After years of knocking on doors, placing phone calls, hanging flyers on lamposts and chalking university sidewalks, the faithful supporters of President Barack Obama could sit back with pride as their icon was sworn into office on Tuesday.
But with the blink of an eye — or a botched 35-word oath of office — that was it. The man who promised hope and change and reform is now the president. The work to get him there is over. He garnered more votes. The “-elect” part has been dropped from his title. Sasha and Malia are going to school in D.C. Grandma has moved in to help out.
It’s official: Obama is president. So now what?
The expectation levels for Obama are high, and rightfully so. The promises he made on the campaign trail for wide-sweeping change across the spectrum provides for a massive agenda. Unfortunately, it’s an agenda that cannot be fully accomplished.
On Obama’s side, obviously, is the Democratic majority in the House of Representatives and Senate. That should help him move quite a bit of legislation through, even though he will still need to work with Republicans to allow their voices to be heard.
But this nation faces incredible challenges — economonic conditions are not at Great Depression levels but are still in poor shape, and pulling the troops out of Iraq cannot be done with a simple snap of the fingers. Then there are initiatives on health care, energy, education… and just a couple others.
Expectation levels for Obama are at nearly unprecedented levels. One of the first came with his inaugural address after being sworn in. I was one of many Americans who expected a speech that was as moving and significant as Martin Luther King Jr.’s “I Have a Dream” speech. While I didn’t think the speech was bad by any stretch of the imagination, I certainly wasn’t blown away.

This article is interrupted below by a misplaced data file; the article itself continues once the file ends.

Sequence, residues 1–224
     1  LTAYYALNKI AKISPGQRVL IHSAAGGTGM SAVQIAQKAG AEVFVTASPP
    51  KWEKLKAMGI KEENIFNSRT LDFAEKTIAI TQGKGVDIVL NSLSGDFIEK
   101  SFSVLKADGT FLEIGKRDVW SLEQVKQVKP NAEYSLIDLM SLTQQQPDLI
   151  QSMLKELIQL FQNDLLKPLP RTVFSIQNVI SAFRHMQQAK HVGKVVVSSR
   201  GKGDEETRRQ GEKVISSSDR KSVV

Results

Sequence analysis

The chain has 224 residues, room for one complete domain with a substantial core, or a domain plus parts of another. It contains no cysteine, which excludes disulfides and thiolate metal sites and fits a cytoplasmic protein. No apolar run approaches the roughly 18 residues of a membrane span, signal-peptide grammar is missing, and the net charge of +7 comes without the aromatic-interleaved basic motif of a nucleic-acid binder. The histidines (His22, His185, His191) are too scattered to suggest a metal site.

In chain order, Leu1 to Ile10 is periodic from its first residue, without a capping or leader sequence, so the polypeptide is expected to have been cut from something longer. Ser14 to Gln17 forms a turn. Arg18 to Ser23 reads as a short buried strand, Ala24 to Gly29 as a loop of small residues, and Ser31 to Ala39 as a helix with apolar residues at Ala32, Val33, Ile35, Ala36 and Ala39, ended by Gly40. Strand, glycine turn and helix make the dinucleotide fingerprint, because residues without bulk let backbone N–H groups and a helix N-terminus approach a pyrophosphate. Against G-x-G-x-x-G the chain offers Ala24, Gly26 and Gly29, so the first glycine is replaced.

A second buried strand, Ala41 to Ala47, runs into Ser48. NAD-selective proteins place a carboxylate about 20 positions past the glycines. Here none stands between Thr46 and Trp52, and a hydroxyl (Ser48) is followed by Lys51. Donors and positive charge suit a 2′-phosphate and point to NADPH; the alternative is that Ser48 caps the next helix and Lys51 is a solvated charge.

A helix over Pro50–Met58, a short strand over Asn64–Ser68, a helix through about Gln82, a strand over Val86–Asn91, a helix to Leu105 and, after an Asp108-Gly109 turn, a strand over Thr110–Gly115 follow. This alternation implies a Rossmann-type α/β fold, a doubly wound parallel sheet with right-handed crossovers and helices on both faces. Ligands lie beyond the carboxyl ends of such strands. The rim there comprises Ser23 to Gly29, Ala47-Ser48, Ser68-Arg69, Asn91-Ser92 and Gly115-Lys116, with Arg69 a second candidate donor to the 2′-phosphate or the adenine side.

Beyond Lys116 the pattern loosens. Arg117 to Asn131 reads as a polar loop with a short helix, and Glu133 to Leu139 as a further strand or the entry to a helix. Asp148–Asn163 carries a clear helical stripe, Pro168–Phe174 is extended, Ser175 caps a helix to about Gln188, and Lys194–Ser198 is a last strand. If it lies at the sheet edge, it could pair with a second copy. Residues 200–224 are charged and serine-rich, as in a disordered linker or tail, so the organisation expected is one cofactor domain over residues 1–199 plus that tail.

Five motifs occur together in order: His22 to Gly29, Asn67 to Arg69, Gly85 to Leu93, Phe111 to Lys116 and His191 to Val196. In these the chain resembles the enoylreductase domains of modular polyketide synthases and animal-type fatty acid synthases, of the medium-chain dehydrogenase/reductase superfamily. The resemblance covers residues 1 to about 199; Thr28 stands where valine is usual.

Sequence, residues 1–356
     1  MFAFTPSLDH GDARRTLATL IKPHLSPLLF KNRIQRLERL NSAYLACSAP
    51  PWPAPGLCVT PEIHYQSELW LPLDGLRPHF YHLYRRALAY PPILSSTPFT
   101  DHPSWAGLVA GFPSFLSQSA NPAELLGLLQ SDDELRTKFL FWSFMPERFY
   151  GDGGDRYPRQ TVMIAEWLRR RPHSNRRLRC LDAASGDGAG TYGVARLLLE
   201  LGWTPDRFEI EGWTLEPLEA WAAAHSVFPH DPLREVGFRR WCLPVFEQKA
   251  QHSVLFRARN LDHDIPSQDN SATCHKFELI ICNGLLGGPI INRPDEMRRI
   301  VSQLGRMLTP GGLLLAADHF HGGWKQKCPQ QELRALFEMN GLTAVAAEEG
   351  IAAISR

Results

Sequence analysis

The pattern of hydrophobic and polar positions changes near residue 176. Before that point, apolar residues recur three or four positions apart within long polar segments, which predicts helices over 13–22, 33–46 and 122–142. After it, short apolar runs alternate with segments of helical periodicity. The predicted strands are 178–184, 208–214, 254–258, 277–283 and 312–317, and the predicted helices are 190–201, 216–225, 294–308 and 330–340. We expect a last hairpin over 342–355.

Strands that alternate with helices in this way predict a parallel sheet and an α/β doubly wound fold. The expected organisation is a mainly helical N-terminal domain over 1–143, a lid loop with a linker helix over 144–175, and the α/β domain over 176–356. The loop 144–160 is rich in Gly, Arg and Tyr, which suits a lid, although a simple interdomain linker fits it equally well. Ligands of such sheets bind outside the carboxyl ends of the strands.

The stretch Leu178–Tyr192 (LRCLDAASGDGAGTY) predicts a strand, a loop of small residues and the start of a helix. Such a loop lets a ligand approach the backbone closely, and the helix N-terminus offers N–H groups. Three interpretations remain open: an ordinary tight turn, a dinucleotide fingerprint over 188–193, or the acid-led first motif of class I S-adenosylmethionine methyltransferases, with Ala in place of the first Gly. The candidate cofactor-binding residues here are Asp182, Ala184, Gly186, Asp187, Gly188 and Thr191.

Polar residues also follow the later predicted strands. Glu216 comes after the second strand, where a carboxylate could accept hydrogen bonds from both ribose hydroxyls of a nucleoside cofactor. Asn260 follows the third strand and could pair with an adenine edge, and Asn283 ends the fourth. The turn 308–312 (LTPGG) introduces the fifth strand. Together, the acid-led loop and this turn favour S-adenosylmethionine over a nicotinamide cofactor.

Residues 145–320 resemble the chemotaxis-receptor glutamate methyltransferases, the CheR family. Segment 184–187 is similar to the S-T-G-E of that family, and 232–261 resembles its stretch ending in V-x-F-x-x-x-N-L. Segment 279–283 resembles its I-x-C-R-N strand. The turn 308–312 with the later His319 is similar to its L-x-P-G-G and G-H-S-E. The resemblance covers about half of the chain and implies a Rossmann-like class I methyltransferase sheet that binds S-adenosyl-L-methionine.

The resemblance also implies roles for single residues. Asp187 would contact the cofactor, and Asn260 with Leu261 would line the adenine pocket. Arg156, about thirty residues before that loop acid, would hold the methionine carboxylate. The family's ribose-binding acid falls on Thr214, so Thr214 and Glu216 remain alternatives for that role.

The moment, of course, was extraordinary. The fact that an black man who united so much of the country, who inspired countless Americans young and old and who might have had trouble simply voting 50 years ago stood on the steps of our nation’s Capitol to take the office was one of the finest moments in our nation’s history.
But the speech simply didn’t live up to my expectations. The delivery was standard Obama, but I would have enjoyed a little less of the subtle bashing of the past eight years and a broader theme regarding where this nation is headed. Knowing the love affair most of this community has with Obama, let’s just go ahead and agree to disagree about the speech.
My point is this: Obama faces the momumental task of living up to all of his voters’ expectations. He thinks he can achieve it, but he cannot just snap his fingers and turn Washington into that “It’s a Small World” ride at Walt Disney World where everyone gets along. We need to come to the realization that Obama and his team simply can’t get everything done right away and probably won’t get everything done in the next four years.
One of Obama’s challenges will be figuring out how he can improve the everyday lives not of the people who are googly eyed for him but rather the mother in Waukesha County who hadn’t voted for a Democrat since Jimmy Carter. (Yes, I know one.) Obama has to appeal to, forgive me, the Joe the Plumbers who voted his way.
Polls indicate the American people are ready to be patient with Obama, and we must be. On one hand, Obama must have an impact on everyone, but we must remember he does not have superpowers and we must shift our expectations of him from insane to realistic.
Tom Schalmo (firstname.lastname@example.org) is a senior majoring in journalism.